“We are pleased to extend our collaboration with our valued colleagues at Ionis, which we believe complements our ongoing efforts to enhance and build a portfolio of treatments for SMA,” Michel Vounatsos, Biogen’s chief executive officer, said in a press release. “Consistent with our commitment to individuals with SMA and their families, our aim is to increase therapeutic options available for this devastating neuromuscular disease.”
The U.S. Food and Drug Administration’s approval of Spinraza in 2016 marked the first time the agency had authorized an SMA therapy.
Biogen will give Ionis $25 million in up-front payments under the new deal. Ionis will receive additional payments when it achieves drug development milestones.
The agreement gives Biogen the option of licensing therapies growing out of the collaboration. It will be responsible for the treatments’ development and commercialization. Ionis will receive a percentage of sales.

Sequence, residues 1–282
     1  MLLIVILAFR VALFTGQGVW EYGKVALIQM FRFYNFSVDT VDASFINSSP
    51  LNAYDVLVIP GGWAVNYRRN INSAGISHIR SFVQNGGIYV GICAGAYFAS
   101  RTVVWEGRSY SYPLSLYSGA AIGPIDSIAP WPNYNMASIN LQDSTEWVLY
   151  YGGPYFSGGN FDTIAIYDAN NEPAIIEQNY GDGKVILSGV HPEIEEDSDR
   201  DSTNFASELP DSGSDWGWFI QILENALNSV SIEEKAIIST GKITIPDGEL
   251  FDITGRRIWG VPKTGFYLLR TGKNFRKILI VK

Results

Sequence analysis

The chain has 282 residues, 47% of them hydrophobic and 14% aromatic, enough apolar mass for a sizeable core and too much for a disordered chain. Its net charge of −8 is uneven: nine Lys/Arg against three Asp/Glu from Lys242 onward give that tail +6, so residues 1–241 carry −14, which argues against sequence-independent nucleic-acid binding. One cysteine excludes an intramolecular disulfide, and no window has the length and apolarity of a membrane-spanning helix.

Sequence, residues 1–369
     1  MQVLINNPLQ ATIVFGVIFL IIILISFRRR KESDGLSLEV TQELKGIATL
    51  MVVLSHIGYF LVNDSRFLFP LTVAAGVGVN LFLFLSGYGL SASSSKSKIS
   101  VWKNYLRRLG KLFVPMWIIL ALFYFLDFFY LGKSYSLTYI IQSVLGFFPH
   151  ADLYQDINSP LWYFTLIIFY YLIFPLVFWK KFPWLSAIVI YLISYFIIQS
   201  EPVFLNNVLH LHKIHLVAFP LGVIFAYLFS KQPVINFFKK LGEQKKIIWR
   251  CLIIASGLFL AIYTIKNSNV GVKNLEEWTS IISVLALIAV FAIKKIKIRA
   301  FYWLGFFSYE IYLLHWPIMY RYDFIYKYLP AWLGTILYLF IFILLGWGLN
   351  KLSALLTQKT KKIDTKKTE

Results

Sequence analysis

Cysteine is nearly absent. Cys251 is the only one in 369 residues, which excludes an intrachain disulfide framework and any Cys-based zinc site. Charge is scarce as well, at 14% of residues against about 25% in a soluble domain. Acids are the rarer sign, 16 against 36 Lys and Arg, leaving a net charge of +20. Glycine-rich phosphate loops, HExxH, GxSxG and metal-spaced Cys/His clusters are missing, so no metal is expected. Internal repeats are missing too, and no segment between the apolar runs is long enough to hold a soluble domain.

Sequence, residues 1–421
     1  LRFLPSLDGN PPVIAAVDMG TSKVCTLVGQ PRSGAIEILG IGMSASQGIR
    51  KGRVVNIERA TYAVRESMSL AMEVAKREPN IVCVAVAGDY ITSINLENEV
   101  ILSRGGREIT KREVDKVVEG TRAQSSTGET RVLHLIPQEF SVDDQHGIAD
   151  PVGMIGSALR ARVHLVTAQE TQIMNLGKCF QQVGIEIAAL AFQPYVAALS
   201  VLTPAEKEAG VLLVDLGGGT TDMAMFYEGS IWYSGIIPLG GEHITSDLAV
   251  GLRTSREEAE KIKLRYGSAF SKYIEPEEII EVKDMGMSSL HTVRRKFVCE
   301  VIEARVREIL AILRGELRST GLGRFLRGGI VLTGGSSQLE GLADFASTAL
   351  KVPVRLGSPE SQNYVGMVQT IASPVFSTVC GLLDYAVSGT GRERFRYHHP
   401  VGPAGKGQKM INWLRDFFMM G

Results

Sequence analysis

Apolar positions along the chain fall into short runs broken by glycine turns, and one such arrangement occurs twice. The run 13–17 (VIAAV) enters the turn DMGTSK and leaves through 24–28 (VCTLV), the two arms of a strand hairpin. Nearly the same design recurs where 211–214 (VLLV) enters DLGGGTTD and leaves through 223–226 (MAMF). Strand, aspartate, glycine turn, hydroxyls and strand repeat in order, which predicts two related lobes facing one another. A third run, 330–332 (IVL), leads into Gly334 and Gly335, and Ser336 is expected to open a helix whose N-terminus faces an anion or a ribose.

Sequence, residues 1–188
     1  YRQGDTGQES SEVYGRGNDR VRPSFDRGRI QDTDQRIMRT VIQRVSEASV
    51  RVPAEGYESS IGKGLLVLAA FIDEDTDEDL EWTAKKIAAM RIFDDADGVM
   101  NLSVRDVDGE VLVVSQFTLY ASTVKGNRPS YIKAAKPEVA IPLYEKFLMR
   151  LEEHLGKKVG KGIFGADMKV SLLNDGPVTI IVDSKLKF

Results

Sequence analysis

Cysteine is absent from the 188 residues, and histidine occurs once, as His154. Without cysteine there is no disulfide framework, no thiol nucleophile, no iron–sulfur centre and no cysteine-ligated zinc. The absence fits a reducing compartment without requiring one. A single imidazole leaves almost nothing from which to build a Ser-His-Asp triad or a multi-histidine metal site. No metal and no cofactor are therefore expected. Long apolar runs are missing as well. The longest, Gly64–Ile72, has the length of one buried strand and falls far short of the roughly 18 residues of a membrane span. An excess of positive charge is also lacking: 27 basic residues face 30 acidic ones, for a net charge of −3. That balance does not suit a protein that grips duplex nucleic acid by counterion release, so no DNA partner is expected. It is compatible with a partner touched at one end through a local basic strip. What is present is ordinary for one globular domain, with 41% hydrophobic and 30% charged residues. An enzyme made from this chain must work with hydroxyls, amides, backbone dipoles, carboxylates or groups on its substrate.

“Biogen has been a great collaborator, and we share in their focus to continue to work to bring new, innovative therapies to treat SMA,” said Dr. Stanley T. Crooke, Ionis’ chairman and chief executive officer. “We owe it to the individuals and families challenged by SMA to discover additional therapies. Our antisense technology uniquely positions us to work with Biogen towards delivering new therapies and expanding our experience in SMA.”
Scientists say Spinraza is an antisense oligonucleotide, or substance that binds to RNA to prevent an abnormal gene from generating a faulty protein.
Spinraza converts the abnormal SMN2 gene that leads to SMA into an SMN1 gene. The change leads to the production of the SMN protein that nerve cells need.
The partners initially developed the therapy for children. After clinical trials showed that Spinraza improved SMA patients’ movement and lifespans, the FDA approved it for both children and adults under a priority review program for rare diseases.